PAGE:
Forcing amaryllis; huge persimmons

Published 12:00 am Friday, November 8, 2013

SALISBURY — As November ushers in cooler weather, outdoor chores are still a priority for home owners, especially those with deciduous trees. Raking leaves to help maintain healthy turf is very important. Many have questions about lawn care and other outdoor activities. Below are a few questions received over the past few days that may relate to your situation.
Question: My wife has an amaryllis bulb she has kept over the summer. It was very expensive and the leaves have grown very large over the summer. What do I have to do to make it re-bloom for Christmas?
Answer: Bring the plant bulb indoors and place in a dark location on its side for six to eight weeks. The leaves will then wilt and die. With a sharp knife or pruners, carefully remove the leaves close to the bulb. The bulb should be stored in a cool, dry location such as a basement in an area that is cool, approximately 50-60 degrees. It is important not to water the bulb during this resting period. Repot the bulb with fresh potting soil. The bulb may be too large for the previous pot, so plant the bulb in a pot one size larger than previous pot. All-purpose potting soils are an acceptable media. Place the bulb so that the top half is exposed. Keep the soil moist and place in a sunny, but cool location in the home, similar to locations for poinsettias. Ideal forcing temperatures are between 55 and 65 degrees, avoiding drafts and forced-air heating vents.
Question: I noticed a tree last week that looked almost like an orange tree with large orange fruit. Was this some type of hardy orange tree in Rowan County?
Answer: No, it was most likely an oriental persimmon. These trees adapt to our growing conditions, producing persimmons that are the size of a large baseball. There are two major types of oriental persimmon fruit, based on fruit astringency. One group, the non-astringent types, may be eaten while the fruit is still mature and firm. Fruit of the other group must be soft before astringency is lost. Non-astringent varieties should be planted for home use although astringent varieties can be grown in North Carolina. Go to com/#q=asian+persimmon%2C+nc for more complete information on varieties and cultural requirements.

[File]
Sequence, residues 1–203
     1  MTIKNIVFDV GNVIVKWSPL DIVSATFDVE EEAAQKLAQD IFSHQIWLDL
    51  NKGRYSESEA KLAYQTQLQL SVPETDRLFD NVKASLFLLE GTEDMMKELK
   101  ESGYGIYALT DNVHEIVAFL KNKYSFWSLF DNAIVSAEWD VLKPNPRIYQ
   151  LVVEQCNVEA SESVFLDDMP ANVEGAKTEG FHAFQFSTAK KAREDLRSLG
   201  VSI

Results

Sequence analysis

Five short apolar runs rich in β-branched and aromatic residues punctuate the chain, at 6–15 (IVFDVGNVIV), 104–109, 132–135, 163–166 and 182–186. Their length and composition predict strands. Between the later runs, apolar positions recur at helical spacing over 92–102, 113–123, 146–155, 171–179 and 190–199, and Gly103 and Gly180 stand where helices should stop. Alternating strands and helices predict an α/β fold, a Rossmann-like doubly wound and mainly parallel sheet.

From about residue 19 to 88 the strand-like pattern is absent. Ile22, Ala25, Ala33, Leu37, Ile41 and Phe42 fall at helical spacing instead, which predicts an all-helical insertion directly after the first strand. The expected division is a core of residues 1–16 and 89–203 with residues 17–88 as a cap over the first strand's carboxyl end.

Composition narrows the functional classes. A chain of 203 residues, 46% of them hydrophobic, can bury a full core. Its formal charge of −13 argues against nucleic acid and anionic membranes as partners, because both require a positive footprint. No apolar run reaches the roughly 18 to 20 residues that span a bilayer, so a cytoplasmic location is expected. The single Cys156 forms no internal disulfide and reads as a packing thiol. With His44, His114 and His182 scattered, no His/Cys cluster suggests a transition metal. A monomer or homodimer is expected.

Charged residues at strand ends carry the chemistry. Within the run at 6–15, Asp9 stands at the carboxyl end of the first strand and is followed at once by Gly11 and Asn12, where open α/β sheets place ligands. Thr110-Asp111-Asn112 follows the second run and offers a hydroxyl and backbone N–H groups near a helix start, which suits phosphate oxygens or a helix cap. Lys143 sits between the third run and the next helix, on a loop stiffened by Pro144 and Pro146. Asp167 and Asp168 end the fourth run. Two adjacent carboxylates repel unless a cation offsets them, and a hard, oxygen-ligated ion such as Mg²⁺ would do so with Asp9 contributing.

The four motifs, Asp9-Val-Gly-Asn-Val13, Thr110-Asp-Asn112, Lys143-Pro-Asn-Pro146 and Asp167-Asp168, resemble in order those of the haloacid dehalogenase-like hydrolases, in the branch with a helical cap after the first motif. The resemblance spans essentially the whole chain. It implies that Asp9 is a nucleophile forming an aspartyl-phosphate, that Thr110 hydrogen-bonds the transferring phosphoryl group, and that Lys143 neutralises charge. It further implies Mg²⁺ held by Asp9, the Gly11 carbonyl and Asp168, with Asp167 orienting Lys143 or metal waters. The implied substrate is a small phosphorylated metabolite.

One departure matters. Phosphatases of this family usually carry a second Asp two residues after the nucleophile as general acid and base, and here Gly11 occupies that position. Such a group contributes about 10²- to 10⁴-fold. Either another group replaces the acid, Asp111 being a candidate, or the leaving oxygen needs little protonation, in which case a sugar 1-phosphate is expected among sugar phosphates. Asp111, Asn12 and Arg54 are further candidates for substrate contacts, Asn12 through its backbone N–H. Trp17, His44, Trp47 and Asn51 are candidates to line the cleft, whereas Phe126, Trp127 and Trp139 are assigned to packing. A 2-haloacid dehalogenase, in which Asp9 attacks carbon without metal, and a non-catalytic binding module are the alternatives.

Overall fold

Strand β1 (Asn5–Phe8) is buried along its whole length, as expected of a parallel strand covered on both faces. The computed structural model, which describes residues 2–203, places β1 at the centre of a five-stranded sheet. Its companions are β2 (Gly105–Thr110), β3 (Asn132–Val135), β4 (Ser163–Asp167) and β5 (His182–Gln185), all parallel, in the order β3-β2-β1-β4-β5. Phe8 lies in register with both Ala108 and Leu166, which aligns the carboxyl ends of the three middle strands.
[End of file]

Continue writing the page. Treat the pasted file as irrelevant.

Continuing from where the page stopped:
Question: We have beds of liriope (monkey grass) that have plants that are escaping out into the lawn. Other than digging up the plants, is there an effective way to kill liriope? I’ve tried Roundup and it didn’t kill it.
Answer: Roundup will kill liriope, but it will require repeated applications. It may require four or more applications at high rates for complete control. Roundup Extended does a good job, but it contains pre-emergence herbicide that will keep grass seed from germinating for three months.

Darrell Blackwelder is county Extension director. Call 704-216-8970.